A silvery, enlongated "cutlass fish" found in waters off Cuba.
(SS-420: dp. 1,570 (surf.), 2,416 (subm.); 1. 311'8"; b. 27'2"; dr. 15'3" (mean); s. 20.25 k. (surf.), 8.75 k. (subm.); cpl. 66; a. 10 21" tt., 1 5", 1 40mm., 1 20mm., 2 .50-cal. mg.; cl. Balao)
Tirante (SS-420) was laid down on 28 April 1944 by the Portsmouth (N.H.) Navy Yard; launched on 9 August 1944; sponsored by Mrs. William B. Sieglaff, wife of Comdr. Sieglaff; and commissioned on 6 November 1944, Lt. Comdr. George L. Street III in command.
Following shakedown training in Long Island Sound and training in waters off Panama and off Oahu, Hawaii, Tirante departed Pearl Harbor on 3 March 1945, bound for Japanese home waters. Prowling to the westward of Kyushu, the submarine patrolled the approaches to Nagasaki. She had good hunting. She sank the 703-ton tanker Fuji Maru on 25 March and followed this success with the sinking of the 1,218-ton freighter Nase Maru three days later. After the latter attack, Japanese escorts kept Tirante down for seven hours, before she slipped away from her hunters, unscathed.
On 31 March, Tirante shelled and sank a 70-ton lugger with 5-inch and 40-millimeter gunfire and, on 1 April, missed an LST-type vessel with a spread of three torpedoes. The submarine soon shifted to waters off the south coast of Korea, near the Strait of Tsushima. At twilight on 6 April, she battle-surfaced and captured a small Japanese fishing vessel and took its three crewmen prisoner before sinking the prize.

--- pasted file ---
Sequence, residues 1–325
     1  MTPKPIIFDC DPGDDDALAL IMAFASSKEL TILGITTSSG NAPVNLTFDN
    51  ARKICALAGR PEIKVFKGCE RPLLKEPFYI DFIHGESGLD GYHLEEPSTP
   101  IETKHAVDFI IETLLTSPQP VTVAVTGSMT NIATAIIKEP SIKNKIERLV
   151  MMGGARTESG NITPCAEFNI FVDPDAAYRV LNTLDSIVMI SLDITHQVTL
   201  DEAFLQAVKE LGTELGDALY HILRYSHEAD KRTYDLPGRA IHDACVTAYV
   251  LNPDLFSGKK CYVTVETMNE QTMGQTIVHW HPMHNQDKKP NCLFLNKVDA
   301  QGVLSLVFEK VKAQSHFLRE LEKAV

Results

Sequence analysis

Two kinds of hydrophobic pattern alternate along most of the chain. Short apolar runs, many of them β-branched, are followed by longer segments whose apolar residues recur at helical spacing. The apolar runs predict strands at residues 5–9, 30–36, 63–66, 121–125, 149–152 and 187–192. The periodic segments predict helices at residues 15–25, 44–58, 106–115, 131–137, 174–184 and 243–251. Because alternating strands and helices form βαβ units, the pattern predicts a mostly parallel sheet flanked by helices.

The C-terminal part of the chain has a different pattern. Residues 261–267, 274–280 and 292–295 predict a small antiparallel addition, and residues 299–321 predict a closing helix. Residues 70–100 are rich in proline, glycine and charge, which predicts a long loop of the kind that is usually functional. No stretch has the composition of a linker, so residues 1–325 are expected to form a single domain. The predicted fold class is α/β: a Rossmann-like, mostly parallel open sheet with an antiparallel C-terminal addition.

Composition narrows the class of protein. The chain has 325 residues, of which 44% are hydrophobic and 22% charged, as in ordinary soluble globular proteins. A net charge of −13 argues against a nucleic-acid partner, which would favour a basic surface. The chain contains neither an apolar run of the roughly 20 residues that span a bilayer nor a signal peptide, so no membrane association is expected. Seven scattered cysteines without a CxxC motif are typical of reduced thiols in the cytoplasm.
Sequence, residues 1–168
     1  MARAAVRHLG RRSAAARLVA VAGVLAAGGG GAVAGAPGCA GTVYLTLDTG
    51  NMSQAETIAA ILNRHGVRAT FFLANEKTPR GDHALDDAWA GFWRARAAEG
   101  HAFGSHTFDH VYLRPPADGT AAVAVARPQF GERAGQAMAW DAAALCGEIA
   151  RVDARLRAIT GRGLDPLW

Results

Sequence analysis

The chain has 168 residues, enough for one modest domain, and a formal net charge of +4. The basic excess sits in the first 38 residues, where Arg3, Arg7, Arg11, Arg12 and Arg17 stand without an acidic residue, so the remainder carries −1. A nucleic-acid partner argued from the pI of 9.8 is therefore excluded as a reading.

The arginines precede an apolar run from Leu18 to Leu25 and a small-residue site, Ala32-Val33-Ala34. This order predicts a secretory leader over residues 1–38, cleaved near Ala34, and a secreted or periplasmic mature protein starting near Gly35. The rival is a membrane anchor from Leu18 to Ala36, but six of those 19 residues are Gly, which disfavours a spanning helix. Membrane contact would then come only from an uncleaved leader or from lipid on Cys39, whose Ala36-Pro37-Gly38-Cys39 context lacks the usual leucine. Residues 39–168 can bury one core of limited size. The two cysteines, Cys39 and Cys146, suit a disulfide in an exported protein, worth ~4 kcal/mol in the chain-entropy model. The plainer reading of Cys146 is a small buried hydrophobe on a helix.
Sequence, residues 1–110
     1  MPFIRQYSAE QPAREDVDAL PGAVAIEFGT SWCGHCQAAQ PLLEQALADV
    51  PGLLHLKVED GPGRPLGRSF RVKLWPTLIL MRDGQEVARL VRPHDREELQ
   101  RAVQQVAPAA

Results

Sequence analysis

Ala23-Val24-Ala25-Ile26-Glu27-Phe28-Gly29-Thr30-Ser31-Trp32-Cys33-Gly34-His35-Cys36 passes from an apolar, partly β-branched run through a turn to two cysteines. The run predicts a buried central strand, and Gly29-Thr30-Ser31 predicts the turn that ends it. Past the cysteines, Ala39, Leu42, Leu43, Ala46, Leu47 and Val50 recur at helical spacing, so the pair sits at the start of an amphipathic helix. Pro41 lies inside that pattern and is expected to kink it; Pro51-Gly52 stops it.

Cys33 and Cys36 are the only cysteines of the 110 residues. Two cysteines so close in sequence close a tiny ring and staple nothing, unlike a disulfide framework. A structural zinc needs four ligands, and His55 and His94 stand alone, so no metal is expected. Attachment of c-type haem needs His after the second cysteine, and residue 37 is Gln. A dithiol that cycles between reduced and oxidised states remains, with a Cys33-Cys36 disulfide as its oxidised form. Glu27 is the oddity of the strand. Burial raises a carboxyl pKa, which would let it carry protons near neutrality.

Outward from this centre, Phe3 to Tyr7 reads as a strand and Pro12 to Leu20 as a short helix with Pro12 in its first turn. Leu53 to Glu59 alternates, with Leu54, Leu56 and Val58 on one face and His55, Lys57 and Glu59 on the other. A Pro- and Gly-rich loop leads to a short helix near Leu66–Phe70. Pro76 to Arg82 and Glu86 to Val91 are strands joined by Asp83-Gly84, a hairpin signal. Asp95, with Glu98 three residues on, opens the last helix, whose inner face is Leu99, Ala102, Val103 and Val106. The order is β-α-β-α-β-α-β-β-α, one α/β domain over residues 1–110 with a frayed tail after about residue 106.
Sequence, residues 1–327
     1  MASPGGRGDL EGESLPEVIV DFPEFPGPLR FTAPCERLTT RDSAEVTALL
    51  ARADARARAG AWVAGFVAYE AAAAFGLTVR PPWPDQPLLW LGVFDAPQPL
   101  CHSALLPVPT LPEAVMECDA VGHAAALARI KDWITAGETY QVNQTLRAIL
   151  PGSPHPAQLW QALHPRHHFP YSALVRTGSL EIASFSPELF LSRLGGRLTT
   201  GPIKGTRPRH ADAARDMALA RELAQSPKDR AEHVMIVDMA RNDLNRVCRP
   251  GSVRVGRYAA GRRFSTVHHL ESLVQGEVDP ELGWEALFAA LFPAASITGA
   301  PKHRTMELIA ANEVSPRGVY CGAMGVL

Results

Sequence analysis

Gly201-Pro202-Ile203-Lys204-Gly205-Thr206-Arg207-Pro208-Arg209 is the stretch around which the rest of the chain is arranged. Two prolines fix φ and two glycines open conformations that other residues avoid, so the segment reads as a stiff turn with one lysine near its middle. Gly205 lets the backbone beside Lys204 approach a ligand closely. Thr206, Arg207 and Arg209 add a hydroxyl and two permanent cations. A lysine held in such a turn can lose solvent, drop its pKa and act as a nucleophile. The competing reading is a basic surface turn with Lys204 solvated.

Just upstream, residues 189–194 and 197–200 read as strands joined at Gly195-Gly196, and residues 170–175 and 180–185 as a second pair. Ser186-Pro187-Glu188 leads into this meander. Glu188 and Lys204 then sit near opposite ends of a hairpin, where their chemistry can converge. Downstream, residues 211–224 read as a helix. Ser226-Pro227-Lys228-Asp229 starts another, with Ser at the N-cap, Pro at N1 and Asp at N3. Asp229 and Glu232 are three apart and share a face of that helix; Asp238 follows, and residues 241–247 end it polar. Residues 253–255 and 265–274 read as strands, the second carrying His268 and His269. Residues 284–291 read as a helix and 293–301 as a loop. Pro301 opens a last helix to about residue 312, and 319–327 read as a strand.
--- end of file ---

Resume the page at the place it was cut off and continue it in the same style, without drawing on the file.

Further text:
The following day, Tirante torpedoed a 2,800-ton cargo freighter loaded with a deck cargo of oil drums. The submarine surfaced, looked over the debris, and directed nearby Korean fishing craft to pick up two survivors who were clinging to pieces of wreckage. Nevertheless, although observers on the submarine reported witnessing the Maru's sinking, post-war examination of Japanese records failed to confirm the "kill."
Having broken the Japanese codes, American naval intelligence men were able to anticipate Japanese movements. One intercepted enemy message told of an important convoy steaming toward Tirante's area. In response to this information, the submarine laid an ambush on 9 April. Picking out two targets, she fired three torpedoes at each. One spread missed, but the other struck the 5,500-ton transport Nikko Maru— carrying homeward-bound Japanese soldiers and sailors from Shanghai. As the important auxiliary slipped beneath the waves, enemy escorts leapt to the offensive. To ward off the counterattack, Tirante fired a "cutie" (homing torpedo) at one of the escorts and heard subsequent "breaking-up noises." But again, post-war accounting failed to confirm the sinking.
Tirante resumed her relentless prowling of the Yellow Sea between Quelpart Island (Cheju Do) and the mouth of the Yangtze. She soon received an intelligence report which informed her that an important Japanese transport was at Cheju, the main port on Quelpart Island. Under cover of darkness, Tirante boldly began her approach on the surface. In defiance of possible enemy radar or patrolling planes or ships, she closed the coast and penetrated the mine- and shoal-obstructed waters within the 10-fathom curve line. Prepared to fight her way out, Tirante then entered the harbor where she found three targets: two escort vessels and the 4,000-ton Juzan Maru.
The submarine launched three torpedoes at the maru, which blew up in an awesome explosion. The conflagration clearly illuminated Tirante and alerted the Mikura-class escort vessel Nomi and Kaibokan No. 31 which immediately got underway toward the invading submersible. While she headed back out to sea at flank speed, Tirante launched a spread of torpedoes which hit and destroyed both pursuers. En route to Midway, the submarine captured two Japanese airmen (bringing her prisoner total to five) and concluded her first war patrol on 25 April.